AS peering arrangements.  This means that packets in flight destined
   to an ULA-MNP route that has recently been changed can be
   (mis)delivered to an old s-ASBR after a Client has moved to a new

   To address this issue, the old s-ASBR can maintain temporary state
   for a "departed" Client that includes an OAL address for the new
   s-ASBR.  The OAL address never changes since ASBRs are fixed
   infrastructure elements that never move.  Hence, packets arriving at
   the old s-ASBR can be forwarded to the new s-ASBR while the BGP
   routing system is still undergoing reconvergence.  Therefore, as long
   as the Client associates with the new s-ASBR before it departs from
   the old s-ASBR (while informing the old s-ASBR of its new location)
   packets in flight during the BGP reconvergence window are
   accommodated without loss.

Appendix B.  AERO/OMNI Spanning Tree Properties

   The AERO/OMNI services establish an adaptation layer for the OSI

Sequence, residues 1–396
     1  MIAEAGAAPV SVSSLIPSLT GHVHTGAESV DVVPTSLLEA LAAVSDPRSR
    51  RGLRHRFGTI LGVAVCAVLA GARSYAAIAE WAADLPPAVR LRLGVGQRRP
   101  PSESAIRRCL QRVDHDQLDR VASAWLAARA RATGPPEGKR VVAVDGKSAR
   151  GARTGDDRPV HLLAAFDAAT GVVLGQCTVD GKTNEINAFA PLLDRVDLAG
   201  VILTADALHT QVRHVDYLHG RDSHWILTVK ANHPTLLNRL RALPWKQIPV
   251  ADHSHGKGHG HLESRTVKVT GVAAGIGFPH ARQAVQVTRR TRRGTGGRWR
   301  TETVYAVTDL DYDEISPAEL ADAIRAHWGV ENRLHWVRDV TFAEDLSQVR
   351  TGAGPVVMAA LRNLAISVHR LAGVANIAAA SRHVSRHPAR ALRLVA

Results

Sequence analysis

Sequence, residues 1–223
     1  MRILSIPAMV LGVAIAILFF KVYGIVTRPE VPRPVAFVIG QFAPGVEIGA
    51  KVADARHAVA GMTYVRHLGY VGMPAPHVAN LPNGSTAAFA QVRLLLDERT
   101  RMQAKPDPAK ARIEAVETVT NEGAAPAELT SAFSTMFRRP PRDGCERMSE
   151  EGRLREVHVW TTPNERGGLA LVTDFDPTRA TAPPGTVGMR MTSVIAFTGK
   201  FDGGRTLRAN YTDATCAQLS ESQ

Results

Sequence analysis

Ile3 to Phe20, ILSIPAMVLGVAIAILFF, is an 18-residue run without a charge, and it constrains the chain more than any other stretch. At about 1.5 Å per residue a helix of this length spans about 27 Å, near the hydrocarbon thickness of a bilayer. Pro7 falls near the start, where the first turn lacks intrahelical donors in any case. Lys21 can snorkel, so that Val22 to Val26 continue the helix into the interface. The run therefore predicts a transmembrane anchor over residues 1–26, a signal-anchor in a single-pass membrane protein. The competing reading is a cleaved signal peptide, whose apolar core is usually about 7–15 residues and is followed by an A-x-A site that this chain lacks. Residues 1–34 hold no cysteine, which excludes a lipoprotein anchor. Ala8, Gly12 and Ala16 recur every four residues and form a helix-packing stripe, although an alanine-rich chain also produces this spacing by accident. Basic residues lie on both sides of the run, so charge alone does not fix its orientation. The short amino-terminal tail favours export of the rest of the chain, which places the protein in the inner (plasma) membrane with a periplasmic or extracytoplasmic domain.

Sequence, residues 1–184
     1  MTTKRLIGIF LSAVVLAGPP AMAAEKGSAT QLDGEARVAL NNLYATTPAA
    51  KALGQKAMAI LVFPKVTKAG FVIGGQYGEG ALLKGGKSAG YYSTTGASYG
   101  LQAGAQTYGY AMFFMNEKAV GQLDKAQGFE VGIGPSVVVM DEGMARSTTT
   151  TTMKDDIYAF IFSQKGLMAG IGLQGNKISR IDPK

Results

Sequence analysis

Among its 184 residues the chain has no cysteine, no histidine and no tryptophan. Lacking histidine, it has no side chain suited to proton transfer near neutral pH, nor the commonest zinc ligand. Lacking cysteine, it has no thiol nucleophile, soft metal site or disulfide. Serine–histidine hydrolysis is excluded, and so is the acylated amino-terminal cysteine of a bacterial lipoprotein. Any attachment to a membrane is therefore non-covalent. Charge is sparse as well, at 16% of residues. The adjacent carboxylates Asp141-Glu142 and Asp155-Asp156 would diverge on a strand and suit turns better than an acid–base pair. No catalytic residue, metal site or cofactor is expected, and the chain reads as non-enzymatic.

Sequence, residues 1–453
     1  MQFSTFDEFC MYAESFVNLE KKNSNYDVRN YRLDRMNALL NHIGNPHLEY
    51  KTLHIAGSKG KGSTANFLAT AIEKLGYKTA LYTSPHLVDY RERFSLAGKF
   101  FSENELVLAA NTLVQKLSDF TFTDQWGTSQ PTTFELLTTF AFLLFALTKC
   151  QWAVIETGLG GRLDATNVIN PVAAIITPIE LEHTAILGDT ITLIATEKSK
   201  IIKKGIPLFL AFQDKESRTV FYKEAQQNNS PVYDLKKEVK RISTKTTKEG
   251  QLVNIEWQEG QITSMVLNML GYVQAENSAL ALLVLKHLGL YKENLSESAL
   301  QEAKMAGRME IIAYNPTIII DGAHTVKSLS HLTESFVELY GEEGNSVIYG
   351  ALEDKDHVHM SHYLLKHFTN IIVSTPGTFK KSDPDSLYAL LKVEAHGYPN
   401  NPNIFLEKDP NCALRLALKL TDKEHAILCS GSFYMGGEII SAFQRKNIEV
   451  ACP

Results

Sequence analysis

reference model appearing as "the layer below the network layer but
   above the data link layer".  The adaptation layer presents a virtual
   bridging service from the network layer's perspective and a BGP-based
   IPv6 routing service from the data link layer's perspective.

   AERO/OMNI overlay networks include s-ASBRs (aka Proxy/Servers) and
   c-ASBRs (aka Gateways) as the vertices in a graph with a typically
   sparse collection of edges between pairwise vertices.  The graph
   minimally comprises a true spanning tree connecting all vertices but
   may also include additional edges in the spirit of IEEE 802.1aq
   Shortest Path Bridging.  BGP routing then ensures loop freedom even
   if this "augmented" spanning tree includes cycles.

   Each edge in the spanning tree corresponds to one or more connecting